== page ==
By Peter Thatcher, Treasurer, CWCAs more and more organisations are planning for their employees to return to the workplace on a more regular basis, time is likely to be well spent thinking about the work environment that their employees will return to. Much has been written and discussed over the past few months about employee well-being and the need for employers to create a supportive environment for their staff.
As I was musing over this, I was reminded of a client of mine from a few years ago. The client was a financial services company based in the centre of London and they occupied two floors of a very nice office building. The company had gone to great lengths to create a physical environment where people were encouraged to talk, to take time out from their desk and even to take some exercise. Three things that they did have stayed with me over the years.
- There was an amazing spiral staircase linking the two floors. The company had installed it themselves on the basis that they wanted people to walk between floors, rather than use the lifts, so that it increased the chance of interaction with colleagues as they passed each other on the stairs. Plus there was the added benefit of encouraging people to exercise while walking up and down the staircase.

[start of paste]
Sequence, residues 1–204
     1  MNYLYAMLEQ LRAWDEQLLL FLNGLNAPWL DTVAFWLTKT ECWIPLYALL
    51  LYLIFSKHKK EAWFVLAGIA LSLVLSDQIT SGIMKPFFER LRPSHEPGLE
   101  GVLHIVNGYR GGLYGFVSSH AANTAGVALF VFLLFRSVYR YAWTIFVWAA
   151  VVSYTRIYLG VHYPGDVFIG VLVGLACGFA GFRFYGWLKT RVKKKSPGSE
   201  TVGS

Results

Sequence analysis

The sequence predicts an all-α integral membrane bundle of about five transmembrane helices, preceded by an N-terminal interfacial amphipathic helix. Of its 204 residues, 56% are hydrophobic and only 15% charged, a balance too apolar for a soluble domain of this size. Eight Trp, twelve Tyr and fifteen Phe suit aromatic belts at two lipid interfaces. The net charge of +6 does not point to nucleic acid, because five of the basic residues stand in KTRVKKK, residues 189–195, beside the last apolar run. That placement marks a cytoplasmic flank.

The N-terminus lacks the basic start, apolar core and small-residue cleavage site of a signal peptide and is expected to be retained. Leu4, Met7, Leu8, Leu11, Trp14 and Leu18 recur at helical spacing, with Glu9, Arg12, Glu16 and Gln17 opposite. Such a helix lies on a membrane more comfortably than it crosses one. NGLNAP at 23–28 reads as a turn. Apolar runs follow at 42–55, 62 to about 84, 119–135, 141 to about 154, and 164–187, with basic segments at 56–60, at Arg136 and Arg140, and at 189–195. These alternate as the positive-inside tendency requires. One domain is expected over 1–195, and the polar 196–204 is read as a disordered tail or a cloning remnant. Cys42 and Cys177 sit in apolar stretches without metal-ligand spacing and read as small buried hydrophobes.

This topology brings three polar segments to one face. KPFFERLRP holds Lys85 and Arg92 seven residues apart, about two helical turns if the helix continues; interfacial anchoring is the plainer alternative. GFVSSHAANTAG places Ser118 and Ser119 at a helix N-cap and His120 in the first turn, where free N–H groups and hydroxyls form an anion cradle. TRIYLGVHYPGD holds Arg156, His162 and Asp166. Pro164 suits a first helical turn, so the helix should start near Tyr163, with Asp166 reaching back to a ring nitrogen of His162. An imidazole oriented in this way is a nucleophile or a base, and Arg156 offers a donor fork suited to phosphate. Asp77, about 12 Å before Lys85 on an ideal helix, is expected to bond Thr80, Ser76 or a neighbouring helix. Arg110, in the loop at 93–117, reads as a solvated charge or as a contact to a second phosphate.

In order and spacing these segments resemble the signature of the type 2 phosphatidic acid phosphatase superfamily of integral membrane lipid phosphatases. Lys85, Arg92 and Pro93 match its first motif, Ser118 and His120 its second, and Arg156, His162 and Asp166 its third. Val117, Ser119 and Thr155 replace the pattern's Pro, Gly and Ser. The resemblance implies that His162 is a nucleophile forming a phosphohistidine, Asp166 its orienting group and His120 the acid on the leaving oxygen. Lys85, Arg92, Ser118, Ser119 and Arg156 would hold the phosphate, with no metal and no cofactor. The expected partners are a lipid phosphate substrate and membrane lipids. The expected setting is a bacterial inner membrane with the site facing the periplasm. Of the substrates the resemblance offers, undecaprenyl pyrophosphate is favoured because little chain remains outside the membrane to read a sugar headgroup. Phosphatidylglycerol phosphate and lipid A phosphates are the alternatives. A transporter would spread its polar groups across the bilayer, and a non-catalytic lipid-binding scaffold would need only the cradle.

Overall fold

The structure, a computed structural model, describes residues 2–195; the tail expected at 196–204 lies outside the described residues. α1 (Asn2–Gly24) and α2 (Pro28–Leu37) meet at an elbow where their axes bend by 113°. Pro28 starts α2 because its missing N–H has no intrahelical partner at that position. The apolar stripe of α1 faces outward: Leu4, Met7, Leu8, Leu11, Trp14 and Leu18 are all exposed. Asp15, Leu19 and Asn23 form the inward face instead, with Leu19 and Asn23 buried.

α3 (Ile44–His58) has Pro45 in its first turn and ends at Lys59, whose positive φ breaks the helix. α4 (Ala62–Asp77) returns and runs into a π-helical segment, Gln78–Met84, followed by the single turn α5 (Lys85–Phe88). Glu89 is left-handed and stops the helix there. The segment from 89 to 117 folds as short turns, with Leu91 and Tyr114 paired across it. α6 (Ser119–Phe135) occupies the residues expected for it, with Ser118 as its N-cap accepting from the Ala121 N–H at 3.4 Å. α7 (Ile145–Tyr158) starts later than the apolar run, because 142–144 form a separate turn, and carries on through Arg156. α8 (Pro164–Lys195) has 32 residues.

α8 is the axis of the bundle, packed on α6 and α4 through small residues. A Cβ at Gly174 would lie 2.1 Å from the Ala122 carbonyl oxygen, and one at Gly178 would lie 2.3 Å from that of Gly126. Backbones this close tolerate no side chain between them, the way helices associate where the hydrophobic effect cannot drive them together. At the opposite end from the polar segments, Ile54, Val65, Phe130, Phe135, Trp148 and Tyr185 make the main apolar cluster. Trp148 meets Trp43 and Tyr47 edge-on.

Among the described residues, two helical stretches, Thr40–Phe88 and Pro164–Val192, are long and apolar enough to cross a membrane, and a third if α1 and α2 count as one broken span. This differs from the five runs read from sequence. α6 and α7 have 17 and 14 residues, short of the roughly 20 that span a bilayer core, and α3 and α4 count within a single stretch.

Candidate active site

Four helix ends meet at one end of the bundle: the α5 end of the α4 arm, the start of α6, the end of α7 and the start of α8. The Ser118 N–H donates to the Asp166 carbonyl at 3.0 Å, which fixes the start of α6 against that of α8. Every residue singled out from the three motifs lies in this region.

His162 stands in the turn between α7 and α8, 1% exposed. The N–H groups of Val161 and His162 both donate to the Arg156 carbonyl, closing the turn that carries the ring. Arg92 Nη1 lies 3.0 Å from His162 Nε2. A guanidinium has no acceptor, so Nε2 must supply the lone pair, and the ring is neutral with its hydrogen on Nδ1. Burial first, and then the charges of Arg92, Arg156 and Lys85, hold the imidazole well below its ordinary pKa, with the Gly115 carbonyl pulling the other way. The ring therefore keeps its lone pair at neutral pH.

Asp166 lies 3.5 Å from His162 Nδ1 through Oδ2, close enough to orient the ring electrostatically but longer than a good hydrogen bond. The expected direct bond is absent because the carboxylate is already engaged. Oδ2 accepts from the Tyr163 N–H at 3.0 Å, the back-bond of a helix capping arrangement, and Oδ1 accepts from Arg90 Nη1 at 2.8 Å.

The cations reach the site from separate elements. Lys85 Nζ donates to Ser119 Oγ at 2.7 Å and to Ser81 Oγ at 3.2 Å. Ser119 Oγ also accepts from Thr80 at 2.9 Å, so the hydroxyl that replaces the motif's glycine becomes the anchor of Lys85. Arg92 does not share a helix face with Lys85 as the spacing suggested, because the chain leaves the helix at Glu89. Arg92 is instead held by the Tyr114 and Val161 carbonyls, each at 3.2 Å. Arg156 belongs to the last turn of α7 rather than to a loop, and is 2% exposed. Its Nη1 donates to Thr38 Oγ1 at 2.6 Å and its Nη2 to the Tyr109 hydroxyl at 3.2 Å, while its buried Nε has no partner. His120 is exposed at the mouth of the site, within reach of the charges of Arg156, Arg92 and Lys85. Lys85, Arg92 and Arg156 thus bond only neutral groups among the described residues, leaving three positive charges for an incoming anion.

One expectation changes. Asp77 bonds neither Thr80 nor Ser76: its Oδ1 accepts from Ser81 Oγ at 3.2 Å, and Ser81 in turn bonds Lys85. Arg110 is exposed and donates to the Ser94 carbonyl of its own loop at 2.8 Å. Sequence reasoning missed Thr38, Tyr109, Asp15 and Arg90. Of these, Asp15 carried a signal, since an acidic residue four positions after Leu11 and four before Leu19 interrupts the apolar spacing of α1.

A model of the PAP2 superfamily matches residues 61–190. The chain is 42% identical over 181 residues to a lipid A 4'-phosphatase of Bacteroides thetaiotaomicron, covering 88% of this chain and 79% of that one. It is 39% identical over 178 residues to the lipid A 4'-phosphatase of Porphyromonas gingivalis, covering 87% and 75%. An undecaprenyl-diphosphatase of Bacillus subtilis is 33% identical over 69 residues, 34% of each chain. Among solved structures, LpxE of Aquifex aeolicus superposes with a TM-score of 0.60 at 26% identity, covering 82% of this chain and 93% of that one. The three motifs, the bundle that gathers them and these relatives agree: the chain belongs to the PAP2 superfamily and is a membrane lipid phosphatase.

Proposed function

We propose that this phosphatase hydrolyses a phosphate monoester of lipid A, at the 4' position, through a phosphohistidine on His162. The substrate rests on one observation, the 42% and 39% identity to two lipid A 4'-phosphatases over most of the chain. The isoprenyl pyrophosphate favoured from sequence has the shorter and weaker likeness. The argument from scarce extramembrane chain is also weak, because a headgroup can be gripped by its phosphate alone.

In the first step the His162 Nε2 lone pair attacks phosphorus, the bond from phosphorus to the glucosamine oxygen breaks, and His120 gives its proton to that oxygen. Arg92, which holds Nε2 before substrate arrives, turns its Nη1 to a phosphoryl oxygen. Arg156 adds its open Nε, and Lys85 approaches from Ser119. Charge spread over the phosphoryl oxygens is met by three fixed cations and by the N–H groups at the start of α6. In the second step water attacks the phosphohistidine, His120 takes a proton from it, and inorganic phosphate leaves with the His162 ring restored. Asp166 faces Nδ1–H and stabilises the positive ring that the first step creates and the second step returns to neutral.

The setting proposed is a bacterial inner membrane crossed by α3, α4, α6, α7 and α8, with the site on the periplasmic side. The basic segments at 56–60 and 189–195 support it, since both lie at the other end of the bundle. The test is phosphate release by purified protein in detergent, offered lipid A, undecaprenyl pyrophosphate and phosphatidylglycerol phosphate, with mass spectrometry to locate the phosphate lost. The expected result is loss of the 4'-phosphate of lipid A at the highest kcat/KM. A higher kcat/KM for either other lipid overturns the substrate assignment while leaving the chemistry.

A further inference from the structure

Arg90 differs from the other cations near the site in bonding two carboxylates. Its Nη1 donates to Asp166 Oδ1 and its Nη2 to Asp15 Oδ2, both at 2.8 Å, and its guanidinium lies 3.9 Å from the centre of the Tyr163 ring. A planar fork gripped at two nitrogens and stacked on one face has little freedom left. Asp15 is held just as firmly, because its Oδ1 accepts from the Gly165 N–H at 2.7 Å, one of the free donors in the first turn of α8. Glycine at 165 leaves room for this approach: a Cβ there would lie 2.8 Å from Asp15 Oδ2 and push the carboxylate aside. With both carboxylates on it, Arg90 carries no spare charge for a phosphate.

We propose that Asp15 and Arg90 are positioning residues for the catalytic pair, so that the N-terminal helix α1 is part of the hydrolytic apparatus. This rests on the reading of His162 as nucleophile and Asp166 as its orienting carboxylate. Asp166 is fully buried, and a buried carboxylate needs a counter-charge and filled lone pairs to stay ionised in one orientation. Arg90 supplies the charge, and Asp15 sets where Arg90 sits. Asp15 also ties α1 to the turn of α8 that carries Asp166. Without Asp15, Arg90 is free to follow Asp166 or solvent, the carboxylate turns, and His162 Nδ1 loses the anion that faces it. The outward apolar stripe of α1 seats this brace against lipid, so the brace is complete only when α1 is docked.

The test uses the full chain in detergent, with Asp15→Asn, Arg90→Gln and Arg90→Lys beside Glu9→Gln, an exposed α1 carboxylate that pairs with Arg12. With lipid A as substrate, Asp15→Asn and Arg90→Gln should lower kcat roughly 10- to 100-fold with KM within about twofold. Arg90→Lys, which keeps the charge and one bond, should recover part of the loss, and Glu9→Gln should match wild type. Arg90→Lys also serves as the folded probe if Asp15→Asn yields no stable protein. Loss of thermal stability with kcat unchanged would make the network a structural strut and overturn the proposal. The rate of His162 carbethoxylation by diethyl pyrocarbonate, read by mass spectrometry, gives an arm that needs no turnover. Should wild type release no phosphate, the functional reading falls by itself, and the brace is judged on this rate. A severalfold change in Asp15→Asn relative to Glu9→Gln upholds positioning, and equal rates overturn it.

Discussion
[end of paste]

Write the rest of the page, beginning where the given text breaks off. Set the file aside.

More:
- They also created a number of seating areas throughout the two floors, in different alcoves and spaces, with comfy seats of varying colours and styles. People were encouraged to use them as an alternative to sitting at their desks, to use them to take some time out for reflection, creative thinking and for chats with colleagues.
- And, finally, they had a small coffee bar, which also sold snacks, on one of the floors. Nice idea, but the genius point (I thought) was that they closed it at lunchtime. You might immediately think that odd, to close at one of the busiest times of the day. The logic was quite simple. It was to encourage people to leave the office and walk somewhere to buy lunch rather than simply grab something from the coffee bar and eat while sitting at their desks.
And all of these things worked. They had an engaged, motivated team of people and there was a real buzz about the place. Everything that an employer should want.
Of course, these initiatives cost a lot of money and not every organisation can afford to do what they did, but in these times where the focus is, and should be, on staff well-being, maybe more organisations should devote some time to think creatively about what can be done to create a physical environment that is conducive for people to pause, exercise and chat.